Reservation of Rights to Make a Cumulative Delay Impact Claim


This article covers topics such as release in language in change order forms, cautions signing change order forms with release language, case law denying impact claims if a contractor signs change orders containing release language, case law upholding impact claims even if a contractor signs change orders containing release language and recommendations.


Imprecise wording on change order forms often causes problems relating to what costs are included in the agreed price for the change. Contractors may argue that the change order language, such as compensation for “indirect costs, or time-related costs,” does not include loss of productivity or cumulative impact costs. The contractor argues, in defense of its position, that there is no way that it could have known the actual impact of later owner-caused changes at the time that the earlier change order was priced. Therefore, the contractor waited until the end of the job to quantify and request its impact or loss of productivity claim, and called it a “cumulative impact claim.” The owner, however, often refuses to pay any more than the price earlier agreed for change orders.

Thus, an owner’s primary defense to a disruption and/or cumulative impact claim is often to argue that, in executing the various change orders, the contractor agreed to the price of the changes and thereby waived its rights to seek any further compensation. The argument advanced is that the contractor, by signing the change order, included any possible costs that would be associated with the cumulative impact claim and accepted any risk that the costs would be more than anticipated.


The change order form may contain the following commonly used language:

This change includes all costs associated with the scope of work associated with this change, including all direct, indirect, and impact costs on the unchanged work such as loss of productivity, ripple effect, cumulative delay, and acceleration.

The owner’s argument is simply that the contractor, by signing the change order, has accepted the risk associated with the changed work and has included in the change order price the value of any possible costs that could be associated with disruption and/or cumulative impact.1

If an impact is foreseeable, it may be reasonable to consider it a direct impact, and any right to claim the costs associated with the disruption is either priced, settled, or waived with the execution of a change order. If an impact is unforeseeable, it may be reasonable to consider it an indirect impact, and the right to recover for an indirect impact should be reserved, or at a minimum, the contractor must not waive the right, so that the possibility of recovery exists.2 The handling of these issues is highly dependent on the contract and change order form language.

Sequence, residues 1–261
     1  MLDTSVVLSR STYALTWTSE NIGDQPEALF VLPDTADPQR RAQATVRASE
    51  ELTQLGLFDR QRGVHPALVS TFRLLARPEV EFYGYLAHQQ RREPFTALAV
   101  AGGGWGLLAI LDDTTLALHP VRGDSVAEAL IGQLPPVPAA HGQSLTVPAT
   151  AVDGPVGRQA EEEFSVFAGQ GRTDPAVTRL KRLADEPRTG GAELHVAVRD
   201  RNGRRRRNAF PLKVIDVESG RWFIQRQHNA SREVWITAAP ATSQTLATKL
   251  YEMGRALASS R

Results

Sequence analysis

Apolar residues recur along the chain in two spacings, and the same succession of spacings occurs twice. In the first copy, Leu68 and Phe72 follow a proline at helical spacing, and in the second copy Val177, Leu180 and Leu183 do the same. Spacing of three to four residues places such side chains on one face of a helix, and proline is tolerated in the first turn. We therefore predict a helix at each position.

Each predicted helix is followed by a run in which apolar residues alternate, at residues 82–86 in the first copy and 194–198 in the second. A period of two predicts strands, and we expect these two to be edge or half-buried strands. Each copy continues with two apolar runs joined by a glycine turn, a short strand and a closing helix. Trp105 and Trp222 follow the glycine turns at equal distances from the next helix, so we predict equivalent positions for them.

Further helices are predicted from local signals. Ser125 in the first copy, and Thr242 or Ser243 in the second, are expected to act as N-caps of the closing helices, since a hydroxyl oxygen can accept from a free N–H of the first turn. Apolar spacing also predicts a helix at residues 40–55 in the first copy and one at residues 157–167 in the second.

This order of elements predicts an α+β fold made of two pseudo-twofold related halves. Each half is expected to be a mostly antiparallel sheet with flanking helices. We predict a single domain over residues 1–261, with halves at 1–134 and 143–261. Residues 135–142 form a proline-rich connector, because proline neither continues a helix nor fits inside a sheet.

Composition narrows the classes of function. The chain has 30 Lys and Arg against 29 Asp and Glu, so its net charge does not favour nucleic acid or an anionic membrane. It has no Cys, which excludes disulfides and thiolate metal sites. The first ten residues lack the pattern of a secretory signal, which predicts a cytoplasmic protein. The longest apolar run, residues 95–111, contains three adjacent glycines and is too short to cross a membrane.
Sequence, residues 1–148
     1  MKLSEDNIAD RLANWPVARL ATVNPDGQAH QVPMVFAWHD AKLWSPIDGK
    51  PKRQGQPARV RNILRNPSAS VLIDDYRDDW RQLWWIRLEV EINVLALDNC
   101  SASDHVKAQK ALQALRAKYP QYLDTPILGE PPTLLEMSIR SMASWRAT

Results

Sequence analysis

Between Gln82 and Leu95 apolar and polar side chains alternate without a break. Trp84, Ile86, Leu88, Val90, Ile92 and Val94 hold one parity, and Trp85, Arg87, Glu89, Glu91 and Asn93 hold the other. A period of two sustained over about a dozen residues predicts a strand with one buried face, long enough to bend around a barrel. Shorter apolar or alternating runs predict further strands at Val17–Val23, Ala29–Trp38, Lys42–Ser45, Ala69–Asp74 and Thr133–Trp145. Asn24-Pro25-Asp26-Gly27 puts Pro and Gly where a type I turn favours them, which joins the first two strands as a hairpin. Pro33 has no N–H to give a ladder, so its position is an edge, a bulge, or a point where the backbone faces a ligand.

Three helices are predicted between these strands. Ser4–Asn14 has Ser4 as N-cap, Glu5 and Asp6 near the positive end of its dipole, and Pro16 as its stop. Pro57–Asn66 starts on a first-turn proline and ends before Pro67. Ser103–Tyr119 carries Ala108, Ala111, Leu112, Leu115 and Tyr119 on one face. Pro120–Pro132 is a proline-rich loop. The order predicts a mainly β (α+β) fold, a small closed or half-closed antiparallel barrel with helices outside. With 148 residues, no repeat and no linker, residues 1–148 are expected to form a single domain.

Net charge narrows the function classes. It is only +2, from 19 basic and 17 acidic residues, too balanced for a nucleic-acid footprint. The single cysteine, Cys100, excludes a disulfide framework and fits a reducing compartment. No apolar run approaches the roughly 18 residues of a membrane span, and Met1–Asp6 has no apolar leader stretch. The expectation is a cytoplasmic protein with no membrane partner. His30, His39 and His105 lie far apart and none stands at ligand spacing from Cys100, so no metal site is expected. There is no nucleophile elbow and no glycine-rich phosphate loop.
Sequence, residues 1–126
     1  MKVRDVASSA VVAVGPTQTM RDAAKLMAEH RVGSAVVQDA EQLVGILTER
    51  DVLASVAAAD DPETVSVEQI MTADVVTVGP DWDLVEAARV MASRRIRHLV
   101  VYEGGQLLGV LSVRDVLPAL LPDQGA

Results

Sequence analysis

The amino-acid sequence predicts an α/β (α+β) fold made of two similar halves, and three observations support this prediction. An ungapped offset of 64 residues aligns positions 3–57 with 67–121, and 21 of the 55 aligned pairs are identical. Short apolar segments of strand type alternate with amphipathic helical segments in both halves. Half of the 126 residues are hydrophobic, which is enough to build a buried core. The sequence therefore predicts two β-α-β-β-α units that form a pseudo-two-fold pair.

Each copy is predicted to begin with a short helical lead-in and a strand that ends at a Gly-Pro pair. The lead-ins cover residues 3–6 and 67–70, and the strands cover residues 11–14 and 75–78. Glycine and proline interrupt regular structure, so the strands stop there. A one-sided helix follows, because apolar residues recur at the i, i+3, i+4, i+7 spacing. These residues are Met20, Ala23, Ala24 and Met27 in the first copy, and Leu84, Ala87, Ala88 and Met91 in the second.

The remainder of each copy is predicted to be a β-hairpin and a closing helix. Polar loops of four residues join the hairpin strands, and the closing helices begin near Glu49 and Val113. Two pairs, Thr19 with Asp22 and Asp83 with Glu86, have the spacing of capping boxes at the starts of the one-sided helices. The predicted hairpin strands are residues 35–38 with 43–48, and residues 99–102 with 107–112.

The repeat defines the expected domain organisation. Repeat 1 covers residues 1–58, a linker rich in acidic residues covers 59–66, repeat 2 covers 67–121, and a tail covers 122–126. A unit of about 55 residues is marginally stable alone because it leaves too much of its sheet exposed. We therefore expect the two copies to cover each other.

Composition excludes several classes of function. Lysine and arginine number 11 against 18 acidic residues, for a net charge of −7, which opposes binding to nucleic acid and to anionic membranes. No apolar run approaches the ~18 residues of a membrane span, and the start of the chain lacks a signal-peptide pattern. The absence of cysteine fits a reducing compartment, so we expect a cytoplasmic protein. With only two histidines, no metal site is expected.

The MCAA acknowledges the difficulty that a contractor will face if it signs a change order with what is termed “full accord and satisfaction”3 language on the change order form, as follows:

Often, contract language known as “full accord and satisfaction” language, contained in some change order forms, may require the contractor to attempt to price all categories of productivity loss within the change itself, as estimated values. This is called a forward priced productivity loss and the cost of this estimated loss can be included as a line item in the change order proposal. While it can be highly beneficial to include all estimated impacts within a change order, thus “closing out” the change, many owners refuse to recognize labor productivity impacts caused by scope changes or other factors beyond the control of the contractor. This leaves the contractor in the unwanted position of either not executing change orders due to the risk of waiving its rights or placing a “reservations of rights” statement on each change, which can have the effect of holding open the option of making further requests for equitable adjustment should the contractor suffer productivity losses due to the cumulative impacts of changes in scope on the project.4

The MCAA also cautions the contractor about accord and satisfaction, as follows: